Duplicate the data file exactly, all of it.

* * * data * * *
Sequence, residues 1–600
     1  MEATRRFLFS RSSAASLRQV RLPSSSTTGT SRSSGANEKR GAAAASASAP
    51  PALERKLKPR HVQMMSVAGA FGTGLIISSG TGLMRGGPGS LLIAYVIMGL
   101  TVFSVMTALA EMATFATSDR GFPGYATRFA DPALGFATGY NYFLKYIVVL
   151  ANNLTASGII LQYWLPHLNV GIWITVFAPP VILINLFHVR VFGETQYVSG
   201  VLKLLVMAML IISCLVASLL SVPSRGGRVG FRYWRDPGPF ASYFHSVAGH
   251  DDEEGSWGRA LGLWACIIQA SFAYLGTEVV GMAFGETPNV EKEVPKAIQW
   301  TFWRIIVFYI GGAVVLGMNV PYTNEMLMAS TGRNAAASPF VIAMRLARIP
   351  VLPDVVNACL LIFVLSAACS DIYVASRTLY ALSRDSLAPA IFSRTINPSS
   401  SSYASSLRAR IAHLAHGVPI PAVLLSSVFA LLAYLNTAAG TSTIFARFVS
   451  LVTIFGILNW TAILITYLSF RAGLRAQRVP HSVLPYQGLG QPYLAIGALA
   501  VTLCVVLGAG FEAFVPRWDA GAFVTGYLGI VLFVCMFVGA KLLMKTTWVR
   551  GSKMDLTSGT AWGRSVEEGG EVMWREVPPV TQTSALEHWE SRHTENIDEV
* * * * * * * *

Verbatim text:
Sequence, residues 1–600
     1  MEATRRFLFS RSSAASLRQV RLPSSSTTGT SRSSGANEKR GAAAASASAP
    51  PALERKLKPR HVQMMSVAGA FGTGLIISSG TGLMRGGPGS LLIAYVIMGL
   101  TVFSVMTALA EMATFATSDR GFPGYATRFA DPALGFATGY NYFLKYIVVL
   151  ANNLTASGII LQYWLPHLNV GIWITVFAPP VILINLFHVR VFGETQYVSG
   201  VLKLLVMAML IISCLVASLL SVPSRGGRVG FRYWRDPGPF ASYFHSVAGH
   251  DDEEGSWGRA LGLWACIIQA SFAYLGTEVV GMAFGETPNV EKEVPKAIQW
   301  TFWRIIVFYI GGAVVLGMNV PYTNEMLMAS TGRNAAASPF VIAMRLARIP
   351  VLPDVVNACL LIFVLSAACS DIYVASRTLY ALSRDSLAPA IFSRTINPSS
   401  SSYASSLRAR IAHLAHGVPI PAVLLSSVFA LLAYLNTAAG TSTIFARFVS
   451  LVTIFGILNW TAILITYLSF RAGLRAQRVP HSVLPYQGLG QPYLAIGALA
   501  VTLCVVLGAG FEAFVPRWDA GAFVTGYLGI VLFVCMFVGA KLLMKTTWVR
   551  GSKMDLTSGT AWGRSVEEGG EVMWREVPPV TQTSALEHWE SRHTENIDEV